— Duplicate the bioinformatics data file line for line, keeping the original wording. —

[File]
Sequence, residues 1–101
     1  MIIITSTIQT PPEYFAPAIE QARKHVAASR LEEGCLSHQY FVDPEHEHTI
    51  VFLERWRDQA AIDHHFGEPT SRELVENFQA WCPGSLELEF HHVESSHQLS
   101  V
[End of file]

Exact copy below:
Sequence, residues 1–101
     1  MIIITSTIQT PPEYFAPAIE QARKHVAASR LEEGCLSHQY FVDPEHEHTI
    51  VFLERWRDQA AIDHHFGEPT SRELVENFQA WCPGSLELEF HHVESSHQLS
   101  V